While trying to work out fill-in flash semantics, it struck me that for the purpose of "overpowering the sun", a short flash duration is rather important since it allows you to open aperture up while decreasing exposure time, keeping the overall brightness while increasing the effect of the flash.

It turns out that my ancient (from the 80s I think) Regula Variant flash specifies 1/1000s flash duration at full power (for which it has guide number 40 at its native f=35mm light angle and up to guide number 70 at f=200mm when using a separate "tele lens" attachment with a fresnel lens).

Going through a list of Metz flashes of similar age and power (including wand flashes with about double the power output), the full power flash duration pretty uniformly ends up as 1/200s. Requiring 5 times the exposure time makes shadow lifting at a distance quite more tricky. Particularly with fast leaf or electronic shutters, it significantly impacts the efficiency of a flash to deal with competing-light situations.

A current-time Godox TT685 has a guide number of 60m at f=200mm (if we consider the Regula specs a bit optimistic, that may be comparable) and a specified duration of 1/300s.

So what gives with regard to the large difference in specification? It cannot be the switch from thyristor technology to IGBT since the older Metz flashes still use thyristors as well. Is the flash bulb different possibly (the size factor seems the same as comparable cobra head flashes today) or driven outside of its comfortable specs?

In analog camera times, the utility in "overpowering light" situations would have been more limited due to larger flash sync speeds, so the main utility of such specs would seem to have been motion freeze in the dark. With modern flashes (and modern superzooms), large reach at short flash time would seem at least as important as it had been at old times.

Why were those kind of specs generally given up on for consumer-level on-camera flashes?


1 Answer 1


There could be a difference in which duration is being reported, T.1 vs T.5; T.1 is typically ~ 2-3x longer... typically T.5 time is reported. It's also likely that the differences are due to bulb/electronic design differences.

But I think there may be some issues with the premise of your question.

Thyristor controlled flashes have their fastest duration at full power; but it is typically still rather slow. The fastest durations come from LED based flashes, but at very low power. And with modern IGBT flashes higher duration speeds also occur at lower output power; none of those really help you to overpower the sun by using faster SS's.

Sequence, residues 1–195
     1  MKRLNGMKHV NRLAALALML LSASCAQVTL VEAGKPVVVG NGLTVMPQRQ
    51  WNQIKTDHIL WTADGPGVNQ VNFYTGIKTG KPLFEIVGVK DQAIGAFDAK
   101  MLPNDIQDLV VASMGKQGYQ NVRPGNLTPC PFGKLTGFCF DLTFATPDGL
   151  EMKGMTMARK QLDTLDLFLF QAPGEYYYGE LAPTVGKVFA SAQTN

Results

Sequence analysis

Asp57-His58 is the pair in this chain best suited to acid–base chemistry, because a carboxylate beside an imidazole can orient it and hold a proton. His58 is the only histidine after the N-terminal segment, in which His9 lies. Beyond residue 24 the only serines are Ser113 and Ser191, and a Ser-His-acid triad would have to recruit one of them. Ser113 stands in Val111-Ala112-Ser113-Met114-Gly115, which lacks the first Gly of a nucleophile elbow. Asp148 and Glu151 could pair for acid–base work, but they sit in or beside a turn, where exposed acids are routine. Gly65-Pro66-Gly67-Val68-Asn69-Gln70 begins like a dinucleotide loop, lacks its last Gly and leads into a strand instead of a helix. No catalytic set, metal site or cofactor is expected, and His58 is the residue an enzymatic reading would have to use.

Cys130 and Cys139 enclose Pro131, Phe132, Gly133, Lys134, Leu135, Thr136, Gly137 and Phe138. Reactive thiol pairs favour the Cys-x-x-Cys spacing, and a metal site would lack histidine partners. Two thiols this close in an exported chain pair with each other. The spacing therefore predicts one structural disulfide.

Most modern IGBT speedlights have a T.1 time around 1/250 and a T.5 time of ~ 1/1000. For instance the SB700 has a T.5 of 1/1042 and a T.1 of 1/305, so I think your information is suspect.

https://gock.net/blog/2012/flash-durations-small-strobes/ https://improvephotography.com/46974/flash-duration-speedlights-long-pop-flash/ https://www.konsul-instruments.com/en/flash-duration-gallery/

And the flash duration doesn't have much to do with the shutter speed you can use; that is controlled by shutter travel time. And most focal plane shutters (mechanical, electronic/rolling) are relatively slow at around 1/250 or longer.

There are two exceptions to where flash duration does relate to usable shutter speed. As you mentioned, aperture (Leaf) type shutters is one; but that is not found in modern DSLRs to my knowledge... it is found in some small sensor/compact cameras. The other is using tail sync which is a dumb (no communication) unsync'd technique which has other drawbacks; such as needing a manual timing offset to correct the sync, and fading across the image. A third potential exception could be a global electronic shutter; if they ever implement those.

But those exceptions are rare at best, or something of a work-around trick; they are not commonly available/used to overpower the sun so there isn't a lot of reason to design for it.

A common method to overpower the sun is to use ND filters which allows you to use slower SS's and full flash power. And with modern IGBT flashes high speed sync is common, which causes the flash to act as a constant light source (at reduced power) allowing the use of higher SS's.

  • \$\begingroup\$ I do use a compact camera (DSC-R1) with global electronic shutter successfully with the listed short durations and the results are clearly consistent with the respective specifications (including using a SS of 1/2000s vs one of 1/1000s). An ND filter is useless for overpowering the sun except when it gets you out of the inefficient HSS domain: it blocks as much flash light as sunlight. The principal question of why newer flashes are not able to deliver their energy as fast to the flash bulb as the old Regula flash does remains unanswered. \$\endgroup\$
    – user95069
    Nov 1, 2020 at 16:46
  • \$\begingroup\$ @user95069 I have to think your sources of information are suspect or you are mixing references (T.1 vs T.5). Most modern IGBT speedlights have a T.1 time around 1/250 and a T.5 time of ~ 1/1000. For instance the SB700 has a T.5 of 1/1042 and and a T.1 of 1/305 so I think your information is suspect. I added this to my reply along with a couple of links. \$\endgroup\$ Nov 1, 2020 at 20:44
  • \$\begingroup\$ IGBT + ???? ???? ???? ???? \$\endgroup\$
    – Michael C
    Nov 2, 2020 at 21:31

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